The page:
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Particle Physics

  1. Apr 9, 2005 #1
    Did I say Particle Physics? I shouldn't have said that. I don't know much about it.
    But still, what I came upto recently was this :-

    I read somewhere that unstable nuclides can disintegrate in several ways, beta decay and positron decay being two of them. In beta decay, a neutron gets converted into a proton and an electron and in positron decay, a proton gets converted to a neutron and a positron. Now, also, an electron and a positron annihilate each other giving lots of energy. So... If I carry a beta decay with a neutron, I will have a proton and an electron. Then if I carry a positron decay with this proton, I will get my original neutron back, plus a positron. So basically, the situation amounts to getting a pair of an electron and a positron from nothing. Now if I make them react, I will get energy for free!! Isn't it a perpetual motion machine then? If not, what's the flaw?
  2. jcsd
  3. Apr 9, 2005 #2


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    From what I understand about these processes, you can't undergo the reaction you're describing. If you're talking about free protons and neutrons (that is, outside of a nucleus), then you can get a neutron decay, just as you described, but free protons don't decay into a neutron and positron (though GUTs think they might decay into other things).

    Now, if we look at a whole nucleus (with its protons and neutrons), then there are circumstances in which each of the processes you described will occur. However, they will not occur in succession. That is, a nucleus will not undergo beta decay, followed only by positron emission. This is because you need to think of the nucleus as a composite state with a certain energy. A beta or positron decay can occur when there exists a lower energy state for the nucleus in which one of the nucleons is switched (proton to neutron or the other way around), but you can't decay back to the original state because it has a higher energy.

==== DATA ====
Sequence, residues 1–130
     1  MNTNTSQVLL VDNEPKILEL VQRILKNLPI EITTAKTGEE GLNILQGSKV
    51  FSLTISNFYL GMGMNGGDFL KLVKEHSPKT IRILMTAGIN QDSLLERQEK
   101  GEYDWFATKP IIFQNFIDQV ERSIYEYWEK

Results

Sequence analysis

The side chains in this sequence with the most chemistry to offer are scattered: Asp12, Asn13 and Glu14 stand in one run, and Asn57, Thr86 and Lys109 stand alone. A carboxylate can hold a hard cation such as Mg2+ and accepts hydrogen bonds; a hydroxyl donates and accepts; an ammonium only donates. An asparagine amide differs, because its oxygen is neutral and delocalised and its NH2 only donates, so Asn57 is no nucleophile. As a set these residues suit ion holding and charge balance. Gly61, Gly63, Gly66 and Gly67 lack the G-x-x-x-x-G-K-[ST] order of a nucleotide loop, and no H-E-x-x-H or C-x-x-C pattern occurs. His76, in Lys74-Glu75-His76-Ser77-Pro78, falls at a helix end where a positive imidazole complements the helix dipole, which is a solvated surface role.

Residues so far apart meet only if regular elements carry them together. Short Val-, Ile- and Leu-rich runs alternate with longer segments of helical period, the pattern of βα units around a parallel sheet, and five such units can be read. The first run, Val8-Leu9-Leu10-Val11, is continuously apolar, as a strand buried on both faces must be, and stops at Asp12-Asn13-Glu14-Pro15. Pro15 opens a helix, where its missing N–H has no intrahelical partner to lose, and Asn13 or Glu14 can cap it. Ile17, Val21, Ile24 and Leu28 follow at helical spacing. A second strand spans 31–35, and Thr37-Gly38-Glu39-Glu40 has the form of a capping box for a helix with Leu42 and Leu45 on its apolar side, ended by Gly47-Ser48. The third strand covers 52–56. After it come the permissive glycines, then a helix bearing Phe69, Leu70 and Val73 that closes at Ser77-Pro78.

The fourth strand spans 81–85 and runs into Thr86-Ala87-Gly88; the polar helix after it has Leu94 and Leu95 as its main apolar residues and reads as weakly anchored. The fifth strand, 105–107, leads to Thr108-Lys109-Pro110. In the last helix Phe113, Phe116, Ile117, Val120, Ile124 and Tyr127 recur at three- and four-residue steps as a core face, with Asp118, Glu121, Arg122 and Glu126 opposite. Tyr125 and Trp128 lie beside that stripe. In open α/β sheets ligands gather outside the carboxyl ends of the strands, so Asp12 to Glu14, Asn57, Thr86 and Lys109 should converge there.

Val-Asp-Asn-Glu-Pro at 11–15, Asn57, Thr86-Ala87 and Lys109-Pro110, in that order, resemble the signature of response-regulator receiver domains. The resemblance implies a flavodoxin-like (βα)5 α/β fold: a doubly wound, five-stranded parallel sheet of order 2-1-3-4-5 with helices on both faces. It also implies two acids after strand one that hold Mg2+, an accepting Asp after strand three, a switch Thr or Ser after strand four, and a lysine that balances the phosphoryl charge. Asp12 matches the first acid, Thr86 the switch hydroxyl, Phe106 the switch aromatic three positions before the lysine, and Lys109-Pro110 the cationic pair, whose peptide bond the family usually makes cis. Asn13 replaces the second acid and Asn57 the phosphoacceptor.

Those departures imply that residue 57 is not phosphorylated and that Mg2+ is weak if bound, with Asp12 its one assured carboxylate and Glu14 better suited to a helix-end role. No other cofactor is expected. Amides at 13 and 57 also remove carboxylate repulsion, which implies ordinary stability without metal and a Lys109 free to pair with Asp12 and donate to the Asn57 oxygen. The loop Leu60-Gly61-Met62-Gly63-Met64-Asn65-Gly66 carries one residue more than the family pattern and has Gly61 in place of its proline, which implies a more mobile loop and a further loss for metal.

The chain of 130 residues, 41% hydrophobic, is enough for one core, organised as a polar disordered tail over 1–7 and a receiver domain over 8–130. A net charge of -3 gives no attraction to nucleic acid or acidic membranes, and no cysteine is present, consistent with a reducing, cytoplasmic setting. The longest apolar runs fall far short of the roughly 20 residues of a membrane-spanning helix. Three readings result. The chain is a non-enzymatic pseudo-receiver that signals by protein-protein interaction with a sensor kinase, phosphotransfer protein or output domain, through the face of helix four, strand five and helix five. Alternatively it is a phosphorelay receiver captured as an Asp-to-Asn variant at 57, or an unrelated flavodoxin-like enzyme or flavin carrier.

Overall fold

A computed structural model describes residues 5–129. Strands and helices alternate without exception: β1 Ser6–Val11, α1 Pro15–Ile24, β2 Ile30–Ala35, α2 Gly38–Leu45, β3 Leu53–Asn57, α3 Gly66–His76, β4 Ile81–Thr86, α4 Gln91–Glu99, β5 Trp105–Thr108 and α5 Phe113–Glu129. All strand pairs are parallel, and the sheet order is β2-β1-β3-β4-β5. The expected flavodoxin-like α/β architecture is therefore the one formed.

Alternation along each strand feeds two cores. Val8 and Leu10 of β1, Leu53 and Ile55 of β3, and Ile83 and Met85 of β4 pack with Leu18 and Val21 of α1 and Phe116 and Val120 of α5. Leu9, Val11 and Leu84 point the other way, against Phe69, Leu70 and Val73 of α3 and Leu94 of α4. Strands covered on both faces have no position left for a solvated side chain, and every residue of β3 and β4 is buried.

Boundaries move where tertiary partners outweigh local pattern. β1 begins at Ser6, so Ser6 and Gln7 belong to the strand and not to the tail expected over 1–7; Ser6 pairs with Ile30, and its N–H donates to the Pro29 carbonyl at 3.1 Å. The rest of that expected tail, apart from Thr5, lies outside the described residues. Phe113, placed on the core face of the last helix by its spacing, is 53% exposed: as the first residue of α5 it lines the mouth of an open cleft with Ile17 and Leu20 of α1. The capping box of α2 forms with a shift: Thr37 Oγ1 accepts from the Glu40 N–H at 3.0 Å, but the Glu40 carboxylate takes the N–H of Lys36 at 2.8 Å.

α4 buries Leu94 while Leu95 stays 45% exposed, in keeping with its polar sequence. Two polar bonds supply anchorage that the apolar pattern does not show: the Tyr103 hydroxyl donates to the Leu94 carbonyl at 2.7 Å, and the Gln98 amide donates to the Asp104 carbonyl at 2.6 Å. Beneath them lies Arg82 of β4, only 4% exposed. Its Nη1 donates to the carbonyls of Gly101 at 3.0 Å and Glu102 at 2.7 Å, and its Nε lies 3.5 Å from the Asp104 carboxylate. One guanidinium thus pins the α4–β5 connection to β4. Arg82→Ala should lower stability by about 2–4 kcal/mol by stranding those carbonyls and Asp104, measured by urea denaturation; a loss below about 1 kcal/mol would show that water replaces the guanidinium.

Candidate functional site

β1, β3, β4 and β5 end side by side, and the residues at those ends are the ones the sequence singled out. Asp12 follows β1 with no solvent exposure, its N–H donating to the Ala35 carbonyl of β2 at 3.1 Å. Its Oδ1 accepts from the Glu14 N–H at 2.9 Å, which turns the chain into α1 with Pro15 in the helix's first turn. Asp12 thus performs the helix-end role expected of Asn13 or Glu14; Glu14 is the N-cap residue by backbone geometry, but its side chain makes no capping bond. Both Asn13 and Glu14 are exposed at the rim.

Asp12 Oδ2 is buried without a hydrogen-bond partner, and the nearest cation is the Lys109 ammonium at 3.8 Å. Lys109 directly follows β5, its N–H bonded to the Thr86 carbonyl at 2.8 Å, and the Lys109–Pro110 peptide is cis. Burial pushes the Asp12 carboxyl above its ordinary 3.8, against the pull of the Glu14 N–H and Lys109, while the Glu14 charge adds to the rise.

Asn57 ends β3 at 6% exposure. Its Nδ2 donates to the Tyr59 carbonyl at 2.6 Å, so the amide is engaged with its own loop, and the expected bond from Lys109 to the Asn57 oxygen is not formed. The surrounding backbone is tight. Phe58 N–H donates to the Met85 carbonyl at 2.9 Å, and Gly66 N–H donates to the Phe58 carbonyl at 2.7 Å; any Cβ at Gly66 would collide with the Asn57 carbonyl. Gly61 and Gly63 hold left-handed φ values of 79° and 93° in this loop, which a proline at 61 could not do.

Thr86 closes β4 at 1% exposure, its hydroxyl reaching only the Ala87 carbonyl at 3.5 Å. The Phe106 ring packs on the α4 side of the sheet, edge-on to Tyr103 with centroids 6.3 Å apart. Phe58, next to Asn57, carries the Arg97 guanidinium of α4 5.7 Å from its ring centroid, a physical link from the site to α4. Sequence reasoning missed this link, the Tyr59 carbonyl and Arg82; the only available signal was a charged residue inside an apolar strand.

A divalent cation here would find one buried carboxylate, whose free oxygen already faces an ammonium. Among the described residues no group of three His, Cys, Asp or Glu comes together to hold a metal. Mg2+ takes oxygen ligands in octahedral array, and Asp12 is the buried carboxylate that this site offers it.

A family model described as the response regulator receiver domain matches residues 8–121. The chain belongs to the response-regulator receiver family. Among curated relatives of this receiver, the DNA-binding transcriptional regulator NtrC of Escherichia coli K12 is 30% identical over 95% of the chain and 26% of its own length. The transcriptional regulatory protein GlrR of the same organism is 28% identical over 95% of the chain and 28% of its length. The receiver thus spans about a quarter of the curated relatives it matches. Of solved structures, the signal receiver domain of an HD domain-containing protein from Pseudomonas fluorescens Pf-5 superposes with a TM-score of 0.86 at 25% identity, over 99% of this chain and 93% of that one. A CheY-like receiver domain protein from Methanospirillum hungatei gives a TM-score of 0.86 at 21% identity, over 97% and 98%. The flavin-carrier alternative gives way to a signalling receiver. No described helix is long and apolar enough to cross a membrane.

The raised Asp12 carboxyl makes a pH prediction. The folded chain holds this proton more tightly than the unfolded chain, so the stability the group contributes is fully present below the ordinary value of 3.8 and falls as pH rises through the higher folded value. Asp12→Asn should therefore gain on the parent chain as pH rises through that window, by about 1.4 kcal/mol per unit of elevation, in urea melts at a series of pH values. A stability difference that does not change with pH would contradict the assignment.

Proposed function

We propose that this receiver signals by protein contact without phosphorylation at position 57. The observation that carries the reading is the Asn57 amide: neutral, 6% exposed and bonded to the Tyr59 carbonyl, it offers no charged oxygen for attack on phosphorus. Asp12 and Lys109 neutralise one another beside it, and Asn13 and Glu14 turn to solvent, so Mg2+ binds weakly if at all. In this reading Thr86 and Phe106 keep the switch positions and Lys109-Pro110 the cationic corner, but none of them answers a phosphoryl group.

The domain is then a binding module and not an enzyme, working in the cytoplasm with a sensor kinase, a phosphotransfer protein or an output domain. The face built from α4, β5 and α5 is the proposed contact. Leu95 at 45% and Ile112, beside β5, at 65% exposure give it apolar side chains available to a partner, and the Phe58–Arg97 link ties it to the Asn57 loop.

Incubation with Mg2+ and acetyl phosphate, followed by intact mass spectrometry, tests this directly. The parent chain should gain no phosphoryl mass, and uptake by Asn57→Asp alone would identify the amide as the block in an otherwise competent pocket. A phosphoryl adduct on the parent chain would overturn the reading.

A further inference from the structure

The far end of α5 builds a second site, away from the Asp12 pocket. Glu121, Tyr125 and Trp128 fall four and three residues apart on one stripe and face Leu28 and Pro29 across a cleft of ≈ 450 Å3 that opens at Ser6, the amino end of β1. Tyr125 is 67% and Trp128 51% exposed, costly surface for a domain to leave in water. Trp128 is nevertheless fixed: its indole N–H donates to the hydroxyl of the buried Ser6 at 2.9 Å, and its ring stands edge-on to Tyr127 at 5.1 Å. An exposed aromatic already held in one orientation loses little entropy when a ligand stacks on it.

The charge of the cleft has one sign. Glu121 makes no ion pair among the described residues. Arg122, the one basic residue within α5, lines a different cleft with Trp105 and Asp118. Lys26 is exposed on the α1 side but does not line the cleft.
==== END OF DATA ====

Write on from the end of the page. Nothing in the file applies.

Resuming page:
There may, however, be circumstances in which you can undergo a beta decay, some series of other decays, and then a positron decay, but I'm not familiar enough with the various reactions to know for sure.
    Last edited: Apr 9, 2005
  4. Apr 9, 2005 #3
    The answer, I believe, is in your question vinter. The key word here is 'unstable'. A neutron requires more energy and so is less stable than a proton, hence beta decay in free neutrons. It would make no sense for the proton to decay into a neutron again as it is already in its most stable state. However, a proton in a large nucleus packed with other protons is not in its most stable state thanks to the additional EM energy doing its best to overcome the strong interactions between the nucleons. To get to a more stable state, the proton decays into a neutron, positron, neutrino and released energy. With neutral charge and this hapless EM energy gone, the nucleon is in its most stable state. To decay into a proton again would require MORE energy to overcome the EM interactions, so no help with perpetual motion there, though if you do solve the problem I want royalties for helping you avoid the wrong route, you hear?
  5. Apr 10, 2005 #4
    hih... and I thought I was going to become rich with this money making formula.
  6. Apr 10, 2005 #5


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    Vinter - a nucleus which undergoes beta decay (electron emission) has an excess of neutrons, while a nucleus which undergoes positron emission has a relative excess of protons (although it will have still more neutrons than protons in general). They are two different nuclides.

    Most beta and positron emitters are artifically made, so it take energy to make them, more than one will recover from the annihilation from a positron-electron pair.

    The 'spontaneous' decay of a proton is unlikely. As El Hombre Invisible pointed out, the proton is extremely stable, otherwise we would be without a lot of hydrogen.

    A free neutron is unstable with a half-life of about 10.3 minutes, but in a nucleus it is much more stable. Nuclei with an excess of neutrons may be unstable - see Chart of the Nuclides - http://wwwndc.tokai.jaeri.go.jp/CN04/index.html [Broken]

    Notice the position of the positron and electron emitters with respect to the stable nuclides.
    Last edited by a moderator: May 2, 2017
  7. Apr 10, 2005 #6
    Astronuc nucleus...

    Astronuc, what is the Half-Life of a 'Deutronium' nucleus?
    Last edited: Apr 10, 2005
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